The constitutional solution is a complex combination of ways to break up political power and slow down the forces of political change. It involves appeals to separation of powers, checks and balances, federalism bicameralism, and the enabling of a robust competitive political process to prevent anyone group from getting too powerful. Bit is also included eventually in 1791 the adoption of a bill of rights.
The Bill of Rights takes some issues out of politics. As Justice Jackson eloquently stated in West Virginia v. Barnette:
The very purpose of a Bill of Rights was to withdraw certain subjects from the vicissitudes of political controversy, to place them beyond the reach of majorities and officials and to establish them as legal principles to be applied by the courts. One's right to . . . freedom of worship . . . and other fundamental rights may not be submitted to vote; they depend on the outcome of no elections.
The essential problem for American democracy is balancing majority rule versus minority rights. Majorities get there way on most issues, but not when it comes to minority rights. And the problem with ballot measures such as the two constitutional amendments is there legacy in targeting minority rights.
There is unfortunately an ugly side to American politics where fear and prejudice have prevailed. The Salem witch trials, slavery, denying women the right to vote, the McCarthy era, and Stonewall. Majorities do ugly things and the constitutional framers were correct that pure majority rule needs to be tempered by minority rights.
Seldom do ballot measures and votes by majorities protect minority rights. Barbara S. Gamble’s “Putting Civil Rights to a Popular Vote,” 41 American Journal of Political Science 245 (1997) examined local and state ballot measures related to AIDS testing, gay rights, language, school desegregation, and housing/public accommodations desegregation), from 1960 to 1993. that Minorities almost always lose. In the eighty-two initiatives and referendums surveyed in this Article, majorities voted to repeal, limit, or prevent any minority gains in their civil rights over eighty percent of the time.
Gamble also found that measures aimed at limiting the civil rights of minority groups were much more successful than other types of initiatives and referendums. She noted that a previous study of ballot measures between 1898 and 1978 found that only 33% of measures succeeded. Low passage rates change dramatically when it came to the limitation of civil rights is the subject of the proposal. In this case, 78% of the 74 civil rights measures that she studied resulted in a defeat of minority interests.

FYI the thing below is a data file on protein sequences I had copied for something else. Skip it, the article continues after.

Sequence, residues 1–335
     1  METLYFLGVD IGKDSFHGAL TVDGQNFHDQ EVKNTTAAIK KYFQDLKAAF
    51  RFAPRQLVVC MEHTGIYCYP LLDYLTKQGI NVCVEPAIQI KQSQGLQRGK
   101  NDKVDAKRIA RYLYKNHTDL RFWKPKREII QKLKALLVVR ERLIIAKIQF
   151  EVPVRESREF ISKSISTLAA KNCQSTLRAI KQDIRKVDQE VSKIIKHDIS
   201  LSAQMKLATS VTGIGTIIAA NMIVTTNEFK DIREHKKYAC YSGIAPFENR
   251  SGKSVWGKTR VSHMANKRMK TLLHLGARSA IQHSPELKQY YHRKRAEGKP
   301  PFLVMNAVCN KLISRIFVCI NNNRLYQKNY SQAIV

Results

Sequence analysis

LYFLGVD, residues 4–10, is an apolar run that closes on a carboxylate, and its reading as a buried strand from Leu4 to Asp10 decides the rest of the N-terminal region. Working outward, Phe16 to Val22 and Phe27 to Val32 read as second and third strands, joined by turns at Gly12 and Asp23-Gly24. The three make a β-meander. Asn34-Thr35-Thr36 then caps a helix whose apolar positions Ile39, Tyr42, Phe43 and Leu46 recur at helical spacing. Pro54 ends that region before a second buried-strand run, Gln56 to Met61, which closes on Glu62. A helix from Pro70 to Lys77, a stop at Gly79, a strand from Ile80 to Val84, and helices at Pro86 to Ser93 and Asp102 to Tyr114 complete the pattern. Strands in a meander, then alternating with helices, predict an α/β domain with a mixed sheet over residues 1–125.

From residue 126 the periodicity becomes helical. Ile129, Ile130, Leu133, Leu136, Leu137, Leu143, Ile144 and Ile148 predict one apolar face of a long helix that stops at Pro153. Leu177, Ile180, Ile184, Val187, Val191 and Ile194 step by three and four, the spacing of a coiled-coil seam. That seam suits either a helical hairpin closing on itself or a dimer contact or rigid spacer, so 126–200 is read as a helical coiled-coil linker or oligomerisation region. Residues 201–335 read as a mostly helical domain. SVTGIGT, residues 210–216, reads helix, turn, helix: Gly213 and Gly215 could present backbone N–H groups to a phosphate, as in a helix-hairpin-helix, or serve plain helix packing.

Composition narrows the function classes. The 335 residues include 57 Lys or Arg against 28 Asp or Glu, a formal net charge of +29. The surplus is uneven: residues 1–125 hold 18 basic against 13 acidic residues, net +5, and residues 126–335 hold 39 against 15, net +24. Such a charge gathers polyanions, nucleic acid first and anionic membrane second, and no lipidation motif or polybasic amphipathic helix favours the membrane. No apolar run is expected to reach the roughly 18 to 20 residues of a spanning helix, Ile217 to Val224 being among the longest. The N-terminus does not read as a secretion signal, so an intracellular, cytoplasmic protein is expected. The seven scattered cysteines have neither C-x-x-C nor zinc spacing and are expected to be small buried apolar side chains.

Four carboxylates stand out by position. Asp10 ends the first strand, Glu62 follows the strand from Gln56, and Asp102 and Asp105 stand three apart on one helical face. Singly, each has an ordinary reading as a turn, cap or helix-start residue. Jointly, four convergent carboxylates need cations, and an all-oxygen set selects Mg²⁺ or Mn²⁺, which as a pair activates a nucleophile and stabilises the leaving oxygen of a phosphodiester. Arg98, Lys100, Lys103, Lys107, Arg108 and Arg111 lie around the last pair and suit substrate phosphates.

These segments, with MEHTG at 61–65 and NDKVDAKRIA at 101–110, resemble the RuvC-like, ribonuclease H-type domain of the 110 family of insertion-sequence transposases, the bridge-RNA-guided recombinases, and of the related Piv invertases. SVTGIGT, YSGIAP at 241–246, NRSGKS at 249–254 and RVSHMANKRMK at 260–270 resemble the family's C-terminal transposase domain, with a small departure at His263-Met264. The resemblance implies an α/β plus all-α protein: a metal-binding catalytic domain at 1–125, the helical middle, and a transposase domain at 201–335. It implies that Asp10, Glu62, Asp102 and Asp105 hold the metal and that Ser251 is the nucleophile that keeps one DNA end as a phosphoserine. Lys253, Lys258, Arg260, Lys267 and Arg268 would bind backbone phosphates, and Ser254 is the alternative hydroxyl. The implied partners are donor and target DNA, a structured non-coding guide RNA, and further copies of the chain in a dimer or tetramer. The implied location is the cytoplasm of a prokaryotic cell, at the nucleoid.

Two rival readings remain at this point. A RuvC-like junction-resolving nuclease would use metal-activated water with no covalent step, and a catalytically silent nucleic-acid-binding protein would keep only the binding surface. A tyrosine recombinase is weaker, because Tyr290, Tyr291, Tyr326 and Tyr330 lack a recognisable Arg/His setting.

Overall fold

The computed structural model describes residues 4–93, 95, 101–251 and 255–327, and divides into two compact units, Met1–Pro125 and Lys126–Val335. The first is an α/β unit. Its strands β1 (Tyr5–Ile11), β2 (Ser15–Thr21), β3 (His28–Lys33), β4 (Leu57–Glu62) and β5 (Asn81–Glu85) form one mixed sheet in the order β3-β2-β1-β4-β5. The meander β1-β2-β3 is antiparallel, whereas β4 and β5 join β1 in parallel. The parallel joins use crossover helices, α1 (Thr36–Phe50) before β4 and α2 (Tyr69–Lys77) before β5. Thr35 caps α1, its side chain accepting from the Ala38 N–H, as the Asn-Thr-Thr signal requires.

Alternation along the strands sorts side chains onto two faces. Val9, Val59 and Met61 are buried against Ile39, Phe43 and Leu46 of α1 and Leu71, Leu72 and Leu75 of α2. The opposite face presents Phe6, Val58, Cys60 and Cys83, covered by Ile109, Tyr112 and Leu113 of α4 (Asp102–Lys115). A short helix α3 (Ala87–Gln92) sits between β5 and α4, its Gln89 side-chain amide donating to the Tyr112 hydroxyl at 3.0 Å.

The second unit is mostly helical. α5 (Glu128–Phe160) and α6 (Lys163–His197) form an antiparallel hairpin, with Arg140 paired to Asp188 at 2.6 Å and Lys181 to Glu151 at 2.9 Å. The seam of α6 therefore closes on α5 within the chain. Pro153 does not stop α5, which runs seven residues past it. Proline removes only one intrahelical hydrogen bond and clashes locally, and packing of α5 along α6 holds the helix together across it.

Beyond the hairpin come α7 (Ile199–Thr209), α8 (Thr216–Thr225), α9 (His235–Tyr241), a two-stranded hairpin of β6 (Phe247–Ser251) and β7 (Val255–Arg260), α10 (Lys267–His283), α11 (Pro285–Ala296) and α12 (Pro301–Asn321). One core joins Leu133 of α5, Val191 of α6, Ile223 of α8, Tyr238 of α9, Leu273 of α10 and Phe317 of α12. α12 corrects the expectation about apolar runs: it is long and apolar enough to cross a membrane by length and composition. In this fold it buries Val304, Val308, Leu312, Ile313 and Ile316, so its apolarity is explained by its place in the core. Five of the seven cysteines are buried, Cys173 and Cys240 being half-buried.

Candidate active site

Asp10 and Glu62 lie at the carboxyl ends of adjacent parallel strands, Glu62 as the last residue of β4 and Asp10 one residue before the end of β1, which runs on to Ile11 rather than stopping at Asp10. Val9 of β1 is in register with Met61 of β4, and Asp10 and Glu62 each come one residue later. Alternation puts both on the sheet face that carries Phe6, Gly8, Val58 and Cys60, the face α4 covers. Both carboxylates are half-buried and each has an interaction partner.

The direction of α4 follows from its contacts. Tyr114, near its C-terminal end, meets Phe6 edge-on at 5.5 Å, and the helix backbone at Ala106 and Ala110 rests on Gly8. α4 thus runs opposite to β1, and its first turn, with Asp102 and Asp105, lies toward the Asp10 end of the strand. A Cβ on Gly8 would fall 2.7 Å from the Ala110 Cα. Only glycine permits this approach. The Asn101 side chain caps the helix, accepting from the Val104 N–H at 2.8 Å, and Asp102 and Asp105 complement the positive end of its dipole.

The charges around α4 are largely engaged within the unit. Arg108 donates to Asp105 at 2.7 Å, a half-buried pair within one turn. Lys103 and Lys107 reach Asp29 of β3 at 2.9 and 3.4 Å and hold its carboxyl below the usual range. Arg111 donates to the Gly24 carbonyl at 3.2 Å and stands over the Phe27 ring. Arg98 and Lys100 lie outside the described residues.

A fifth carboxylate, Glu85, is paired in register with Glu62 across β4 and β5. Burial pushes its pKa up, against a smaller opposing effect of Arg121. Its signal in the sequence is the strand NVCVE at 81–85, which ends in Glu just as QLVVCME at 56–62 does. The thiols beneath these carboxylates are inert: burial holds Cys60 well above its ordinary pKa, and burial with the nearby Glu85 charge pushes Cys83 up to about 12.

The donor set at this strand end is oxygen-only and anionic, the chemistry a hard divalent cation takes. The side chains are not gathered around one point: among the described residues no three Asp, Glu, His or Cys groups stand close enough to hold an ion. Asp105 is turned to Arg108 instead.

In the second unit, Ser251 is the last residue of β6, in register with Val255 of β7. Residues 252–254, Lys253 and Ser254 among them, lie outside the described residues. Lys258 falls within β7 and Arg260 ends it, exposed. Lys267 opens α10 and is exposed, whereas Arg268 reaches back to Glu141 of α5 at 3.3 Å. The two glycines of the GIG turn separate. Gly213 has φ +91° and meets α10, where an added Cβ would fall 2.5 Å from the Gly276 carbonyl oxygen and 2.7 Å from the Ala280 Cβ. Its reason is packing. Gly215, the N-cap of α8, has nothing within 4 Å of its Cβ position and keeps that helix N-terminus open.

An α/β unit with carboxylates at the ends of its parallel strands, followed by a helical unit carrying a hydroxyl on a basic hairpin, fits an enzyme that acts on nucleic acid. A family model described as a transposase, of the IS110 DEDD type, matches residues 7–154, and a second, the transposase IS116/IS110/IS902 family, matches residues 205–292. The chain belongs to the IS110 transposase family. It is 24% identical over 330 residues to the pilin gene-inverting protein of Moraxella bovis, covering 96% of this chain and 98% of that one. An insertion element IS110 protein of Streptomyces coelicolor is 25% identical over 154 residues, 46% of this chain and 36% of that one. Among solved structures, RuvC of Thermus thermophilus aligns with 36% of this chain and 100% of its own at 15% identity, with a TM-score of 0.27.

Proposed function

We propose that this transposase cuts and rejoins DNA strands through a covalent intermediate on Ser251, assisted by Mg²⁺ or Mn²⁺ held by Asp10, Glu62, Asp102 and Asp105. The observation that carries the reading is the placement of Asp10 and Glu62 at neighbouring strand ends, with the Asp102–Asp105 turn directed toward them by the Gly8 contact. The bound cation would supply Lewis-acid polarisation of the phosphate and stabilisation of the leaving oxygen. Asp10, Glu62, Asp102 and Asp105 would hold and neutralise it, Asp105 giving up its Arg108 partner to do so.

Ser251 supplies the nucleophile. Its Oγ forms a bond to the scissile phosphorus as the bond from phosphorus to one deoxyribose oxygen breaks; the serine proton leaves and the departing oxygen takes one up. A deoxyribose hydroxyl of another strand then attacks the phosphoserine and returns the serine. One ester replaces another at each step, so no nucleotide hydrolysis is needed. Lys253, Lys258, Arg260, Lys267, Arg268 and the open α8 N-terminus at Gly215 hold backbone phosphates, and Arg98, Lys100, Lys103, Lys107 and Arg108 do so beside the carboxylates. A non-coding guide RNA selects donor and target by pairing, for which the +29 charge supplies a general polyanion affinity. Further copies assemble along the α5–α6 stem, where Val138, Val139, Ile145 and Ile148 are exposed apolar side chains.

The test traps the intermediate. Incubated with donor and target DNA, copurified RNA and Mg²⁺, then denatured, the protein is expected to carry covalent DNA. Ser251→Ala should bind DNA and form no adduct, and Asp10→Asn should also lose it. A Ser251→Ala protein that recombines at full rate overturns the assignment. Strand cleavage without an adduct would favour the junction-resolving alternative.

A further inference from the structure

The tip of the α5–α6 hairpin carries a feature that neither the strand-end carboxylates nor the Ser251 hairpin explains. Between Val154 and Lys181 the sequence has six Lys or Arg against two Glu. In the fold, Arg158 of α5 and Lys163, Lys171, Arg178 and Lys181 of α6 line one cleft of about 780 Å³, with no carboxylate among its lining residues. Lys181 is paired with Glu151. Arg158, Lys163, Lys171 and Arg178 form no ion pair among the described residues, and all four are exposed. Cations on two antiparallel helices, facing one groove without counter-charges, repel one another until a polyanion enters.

Gamble's findings are consistent with those of political scientists Haider-Markel and Meier. Mei-er and Haider-Markel's study on gay ballot initiatives found that 77% of those seeking to repeal the rights of lesbians and gays were successful in doing so, and in the 13 attempts to extend rights of gays and lesbians, 84% were unsuccessful. Gays and lesbians, as well as other minority groups, lose when their rights go to the ballot box.
What does all this mean? Direct democracy and majoritarian politics inconsistent with the broader substantive values of the Constitution and Bill of Rights which the Framers understood. They recognized the problems of the tyranny of the majority and the threat that the ballot box poses to individual liberty. In the case of the marriage amendment, it singles out a specific group for a special disability, in ways that the Supreme Court found unconstitutional in Romer v. Evans. Gays and lesbians (and transgenders too) are the classic discrete and insular minority that the Supreme Court speaks of in footnote four of United States v. Carolene Products. Groups unable to defend themselves in the normal political process are those which the judiciary are supposed to protect against the tyranny of the majority.
Moreover, Carolene Products also spoke of special judicial scrutiny in cases where legislation circumvents the normal political process and closes it down. Normally we say that if you do not like a specific policy use the ballot box to change it. The Elections amendment targets the political process, seeking to close down and make it more difficult to vote. It and the Marriage amendment, by constitutionalizing these policies, aim to circumvent the normal legislative process and place political change beyond the reach of ordinary legislation.
The opening three words of the Constitution are “We the people.” Our nation is one that is supposed to be inclusive, respecting the rights of all to compete fairly and equally in the political process. The tragedy of the Marriage and Elections amendments is how they undermine the promise of We the People and hoe they are inconsistent with the values that our Framers endorsed.
Please note: This blog is drawn from my comments at a October 26, 2012 conference at Hamline University sponsored by the Hamline University Law School that discussed the two constitutional amendments.